Purpose: As part of our terrestrial and marine observatory for LifeWatch (, the Research Institute for Nature and Forest (INBO), the Flanders Marine Institute (VLIZ), Ghent University (Ugent), and the University of Antwerp (UA) are tracking large gull species with lightweight, solar powered GPS trackers. The project builds upon the extensive knowledge the INBO has acquired since 1999, studying in particular postnuptial migration, as well as mate and site fidelity of large gulls, by means of sightings of colour-marked individuals ringed in Belgium and via individual-based life-history studies by Ugent and UA. The data collected through this bird tracking network allows to study the migration patterns and habitat use of the gulls in more detail. Furthermore, data collection is no longer biased towards locations where observers can see colour-ringed birds. To allow greater use of the data beyond our research questions, all data are periodically published as open data.
Issues with the dataset can be reported here
The publication of this dataset was supported by the INBO as part of the Flemish contribution to LifeWatch.

Biology > Birds
Marine/Coastal, Terrestrial, Breeding habitats, Foraging habitats, GPS, Migrations, Observation, Tracking networks, ANE, North Sea, Larus argentatus Pontoppidan, 1763, Larus fuscus Linnaeus, 1758

Geographical coverage
ANE, North Sea [Marine Regions]

Temporal coverage
17 May 2013 - 6 June 2018

Taxonomic coverage
Larus argentatus Pontoppidan, 1763 [WoRMS]
Larus fuscus Linnaeus, 1758 [WoRMS]

Occurrence of biota

Buijs Eco Consult B.V., moredata creator
Universiteit Antwerpen (UA), moredata creator
Universiteit Gent; Faculteit Wetenschappen; Vakgroep Biologie; Onderzoeksgroep Terrestrische Ecologie (TEREC), moredata creator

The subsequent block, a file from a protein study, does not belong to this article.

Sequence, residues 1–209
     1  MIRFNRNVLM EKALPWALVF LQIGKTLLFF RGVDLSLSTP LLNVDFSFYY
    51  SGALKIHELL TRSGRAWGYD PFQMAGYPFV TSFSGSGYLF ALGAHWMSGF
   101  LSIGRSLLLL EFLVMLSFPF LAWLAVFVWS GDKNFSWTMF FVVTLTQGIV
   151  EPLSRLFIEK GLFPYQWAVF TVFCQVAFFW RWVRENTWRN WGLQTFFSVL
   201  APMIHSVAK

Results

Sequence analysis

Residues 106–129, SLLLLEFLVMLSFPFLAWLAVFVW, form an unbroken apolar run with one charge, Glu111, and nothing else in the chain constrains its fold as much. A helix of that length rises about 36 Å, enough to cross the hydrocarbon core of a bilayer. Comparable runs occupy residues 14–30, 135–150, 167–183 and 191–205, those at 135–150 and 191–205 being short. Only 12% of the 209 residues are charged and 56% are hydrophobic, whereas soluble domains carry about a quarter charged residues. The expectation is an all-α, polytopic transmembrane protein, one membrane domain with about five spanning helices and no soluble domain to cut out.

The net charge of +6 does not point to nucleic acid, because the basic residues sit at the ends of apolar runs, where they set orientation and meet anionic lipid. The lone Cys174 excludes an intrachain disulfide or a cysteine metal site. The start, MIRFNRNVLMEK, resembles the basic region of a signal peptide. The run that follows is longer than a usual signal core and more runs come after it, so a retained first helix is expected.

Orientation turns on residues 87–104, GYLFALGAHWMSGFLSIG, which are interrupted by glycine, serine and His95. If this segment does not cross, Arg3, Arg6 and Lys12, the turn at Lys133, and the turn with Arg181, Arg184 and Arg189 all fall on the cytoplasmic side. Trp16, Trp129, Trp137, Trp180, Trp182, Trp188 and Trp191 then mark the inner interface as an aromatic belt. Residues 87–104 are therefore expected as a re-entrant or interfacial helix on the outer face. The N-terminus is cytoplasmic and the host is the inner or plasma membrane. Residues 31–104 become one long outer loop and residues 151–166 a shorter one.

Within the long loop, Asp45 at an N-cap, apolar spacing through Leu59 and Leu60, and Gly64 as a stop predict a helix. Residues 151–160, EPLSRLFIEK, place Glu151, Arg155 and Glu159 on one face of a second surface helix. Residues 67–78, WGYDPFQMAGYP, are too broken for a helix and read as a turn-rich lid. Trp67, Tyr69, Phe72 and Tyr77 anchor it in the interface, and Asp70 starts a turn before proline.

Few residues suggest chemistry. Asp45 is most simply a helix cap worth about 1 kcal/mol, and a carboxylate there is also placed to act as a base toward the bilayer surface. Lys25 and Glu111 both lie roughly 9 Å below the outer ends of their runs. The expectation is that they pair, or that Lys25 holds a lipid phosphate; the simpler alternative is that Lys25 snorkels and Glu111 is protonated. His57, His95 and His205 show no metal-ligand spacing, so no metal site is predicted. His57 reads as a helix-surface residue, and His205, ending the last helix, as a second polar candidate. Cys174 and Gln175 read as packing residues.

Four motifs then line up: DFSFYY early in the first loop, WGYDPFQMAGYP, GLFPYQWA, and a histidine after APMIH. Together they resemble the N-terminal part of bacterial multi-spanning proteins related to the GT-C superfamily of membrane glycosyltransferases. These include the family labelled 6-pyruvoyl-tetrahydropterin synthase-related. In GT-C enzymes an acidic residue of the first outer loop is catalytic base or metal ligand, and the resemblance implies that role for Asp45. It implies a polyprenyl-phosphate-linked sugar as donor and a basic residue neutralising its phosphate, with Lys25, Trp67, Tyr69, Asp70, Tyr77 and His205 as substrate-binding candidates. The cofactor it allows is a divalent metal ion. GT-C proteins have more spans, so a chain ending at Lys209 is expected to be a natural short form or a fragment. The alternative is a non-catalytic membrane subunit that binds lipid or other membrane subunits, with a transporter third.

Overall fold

Universiteit van Amsterdam; Institute for Biodiversity and Ecosystem Dynamics (IBED), moredata creator
Vlaams Instituut voor de Zee (VLIZ), moredata creator
Vlaamse overheid; Beleidsdomein Omgeving; Instituut voor Natuur- en Bosonderzoek (INBO), moredata creator

Related datasets
Parent dataset:
LifeWatch observatory data: GPS tracking network for large birds, more

LifeWatch: Flemish contribution to, more

Based on this dataset
Stienen, E.W.M. et al. (2016). GPS tracking data of Lesser Black-backed Gulls and Herring Gulls breeding at the southern North Sea coast. ZooKeys 555(555): 115-124., more
Used in this dataset
Stienen, E. et al. (2016). Monitoring van kustbroedvogels in de SBZ-V 'Kustbroedvogels te Zeebrugge-Heist' en de westelijke voorhaven van Zeebrugge tijdens het broedseizoen 2015. Rapport van het Instituut voor Natuur- en Bosonderzoek, INBO.R.2016.11584874. INBO: Brussel. 37 pp., more
Strucker, R.C.W. et al. (2015). Kustbroedvogels in het Deltagebied in 2014. Delta Project Management: Vlissingen. 58 + bijlagen pp., more
Bouten, W. et al. (2013). A flexible GPS tracking system for studying bird behaviour at multiple scales. J. Ornithol. 154(2): 571-580., more
Strucker, R.C.W. et al. (2013). Kustbroedvogels in het Deltagebied in 2012. Delta Project Management/Rijkswaterstaat. Waterdienst: Vlissingen. 68 + bijlagen pp., more

Dataset status: In Progress
Data type: Data
Data origin: Monitoring: field survey
Metadatarecord created: 2017-06-26
Information last updated: 2020-01-23
All data in the Integrated Marine Information System (IMIS) is subject to the VLIZ privacy policy